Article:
4. The principal will also send copies of the report to members of the Reconsideration Committee.

5. The complainant shall have the right to appeal the decision of the Reconsideration Committee first to the superintendent of schools and then to the School Board.


Access to Resources and Services in the School Library Media Program:
An Interpretation of the Library Bill of Rights

 

The school library media program plays a unique role in promoting intellectual freedom. It serves as a point of voluntary access to information and ideas and as a learning laboratory for students as they acquire critical thinking and problem-solvin skills needed in a pluralistic society. Although the educational level and program of the school necessarily shape the resources and services of a school library media program, the principles of the Library Bill of Rights apply equally to all libraries, including school library media programs.  Under these principles, all students have equitable access to library facilities, resources, and instructional programs.

School library media specialists assume a leadership role in promoting the principles of intellectual freedom within the school by providing resources and services that create and sustain an atmosphere of free inquiry. School library media specialists work closely with teachers to integrate instructional activities in classroom units designed to equip students to locate, evaluate, and use a broad range of ideas effectively.  Intellectual freedom is fostered by educating students in the use of critical thinking skills to empower them to pursue free inquiry responsibly and independently.  Through resources, programming, and educational processes, students and teachers experience the free and robust debate characteristic of a democratic society.

School library media specialists cooperate with other individuals in building collections of resources that meet the needs as well as the developmental and maturity levels of students. These collections provide resources that support the mission of the school district and are consistent with its philosophy, goals, and objectives. Resources in school library media collections are an integral component of the curriculum and represent diverse points of view on both current and historical issues. These resources include materials that support the intellectual growth, personal development, individual interests, and recreational needs of students.

While English is, by history and tradition, the customary language of the United States, the languages in use in any given community may vary. Schools serving communities in which other languages are used make efforts to accommodate the needs of students for whom English is a second language. To support these efforts, and to ensure equitable access to resources and services, the school library media program provides resources that reflect the linguistic pluralism of the community.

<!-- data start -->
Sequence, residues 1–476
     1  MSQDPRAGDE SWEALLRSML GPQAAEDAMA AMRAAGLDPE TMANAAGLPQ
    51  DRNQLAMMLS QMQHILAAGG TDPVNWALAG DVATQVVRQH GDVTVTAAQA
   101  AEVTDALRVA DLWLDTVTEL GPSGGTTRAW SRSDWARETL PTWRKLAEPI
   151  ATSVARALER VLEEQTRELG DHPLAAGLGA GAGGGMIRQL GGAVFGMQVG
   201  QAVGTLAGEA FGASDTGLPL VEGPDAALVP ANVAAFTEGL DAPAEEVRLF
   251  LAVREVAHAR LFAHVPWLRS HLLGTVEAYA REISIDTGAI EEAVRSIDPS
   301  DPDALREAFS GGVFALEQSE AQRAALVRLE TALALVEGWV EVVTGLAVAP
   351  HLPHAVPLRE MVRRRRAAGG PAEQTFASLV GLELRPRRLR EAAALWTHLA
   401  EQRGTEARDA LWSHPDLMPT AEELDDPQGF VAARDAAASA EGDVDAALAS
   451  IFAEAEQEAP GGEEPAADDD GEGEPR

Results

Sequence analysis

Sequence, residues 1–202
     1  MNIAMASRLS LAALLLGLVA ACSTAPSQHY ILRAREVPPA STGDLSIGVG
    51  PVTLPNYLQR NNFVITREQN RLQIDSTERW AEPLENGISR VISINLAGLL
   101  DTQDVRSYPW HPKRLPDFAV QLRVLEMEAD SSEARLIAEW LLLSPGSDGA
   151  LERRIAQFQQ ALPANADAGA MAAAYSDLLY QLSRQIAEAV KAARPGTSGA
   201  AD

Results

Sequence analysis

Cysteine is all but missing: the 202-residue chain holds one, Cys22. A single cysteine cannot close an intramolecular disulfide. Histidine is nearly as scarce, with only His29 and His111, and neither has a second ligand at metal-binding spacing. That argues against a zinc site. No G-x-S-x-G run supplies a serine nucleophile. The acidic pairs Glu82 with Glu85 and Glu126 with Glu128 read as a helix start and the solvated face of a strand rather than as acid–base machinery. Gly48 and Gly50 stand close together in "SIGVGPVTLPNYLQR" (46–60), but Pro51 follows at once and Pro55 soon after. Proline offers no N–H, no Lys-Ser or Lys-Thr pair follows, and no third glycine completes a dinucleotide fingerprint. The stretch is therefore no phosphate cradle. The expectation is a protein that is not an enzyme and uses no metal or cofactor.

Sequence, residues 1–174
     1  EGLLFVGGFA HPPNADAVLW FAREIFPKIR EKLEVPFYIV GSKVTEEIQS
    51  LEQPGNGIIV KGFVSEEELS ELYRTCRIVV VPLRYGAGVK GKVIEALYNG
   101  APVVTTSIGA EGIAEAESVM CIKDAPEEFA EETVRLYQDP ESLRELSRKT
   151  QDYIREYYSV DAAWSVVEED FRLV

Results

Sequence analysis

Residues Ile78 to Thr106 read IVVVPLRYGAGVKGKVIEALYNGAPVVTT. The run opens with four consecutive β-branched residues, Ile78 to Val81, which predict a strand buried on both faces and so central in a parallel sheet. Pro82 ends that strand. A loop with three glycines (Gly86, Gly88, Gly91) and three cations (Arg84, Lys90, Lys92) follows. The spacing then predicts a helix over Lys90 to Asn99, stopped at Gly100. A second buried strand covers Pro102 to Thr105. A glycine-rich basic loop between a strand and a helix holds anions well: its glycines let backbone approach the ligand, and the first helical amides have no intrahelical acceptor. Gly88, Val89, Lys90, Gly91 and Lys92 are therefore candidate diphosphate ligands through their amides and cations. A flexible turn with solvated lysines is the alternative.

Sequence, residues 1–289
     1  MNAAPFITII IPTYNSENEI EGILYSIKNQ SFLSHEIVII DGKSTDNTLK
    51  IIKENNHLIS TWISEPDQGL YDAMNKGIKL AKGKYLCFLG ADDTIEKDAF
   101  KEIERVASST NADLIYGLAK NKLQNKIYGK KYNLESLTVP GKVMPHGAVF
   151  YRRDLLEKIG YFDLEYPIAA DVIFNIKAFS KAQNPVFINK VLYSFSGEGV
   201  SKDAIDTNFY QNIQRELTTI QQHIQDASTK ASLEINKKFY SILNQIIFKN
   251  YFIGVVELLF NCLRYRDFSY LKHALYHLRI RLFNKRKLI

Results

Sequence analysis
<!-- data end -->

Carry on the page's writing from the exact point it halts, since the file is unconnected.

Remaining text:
Members of the school community involved in the collection development process employ educational criteria to select resources unfettered by their personal, political, social, or religious views. Students and educators served by the school library media program have access to resources and services free of constraints resulting from personal, partisan, or doctrinal disapproval. School library media specialists resist efforts by individuals or groups to define what is appropriate for all students or teachers to read, view, hear, or access via electronic means.

Major barriers between students and resources include but are not limited to imposing age, grade-level, or reading-level restrictions on the use of resources; limiting the use of interlibrary loan and access to electronic information; charging fees for information in specific formats; requiring permission from parents or teachers; establishing restricted shelves or closed collections; and labeling. Policies, procedures, and rules related to the use of resources and services support free and open access to information.

It is the responsibility of the governing board to adopt policies that guarantee students access to a broad range of ideas. These include policies on collection development and procedures for the review of resources about which concerns have been raised. Such policies, developed by persons in the school community, provide for a timely and fair hearing and assure that procedures are applied equitably to all expressions of concern. It is the responsibility of school library media specialists to implement district policies and procedures in the school to ensure equitable access to resources and services for all students.


Adopted July 2, 1986, by the ALA Council; amended January 10, 1990; July 12, 2000; January 19, 2005; July 2, 2008.
[ISBN 8389-7053-2]



Forms

The following forms are available for you to download (as pdf documents). If you prefer, please stop by the Library or the Main Office to pick up a complete packet.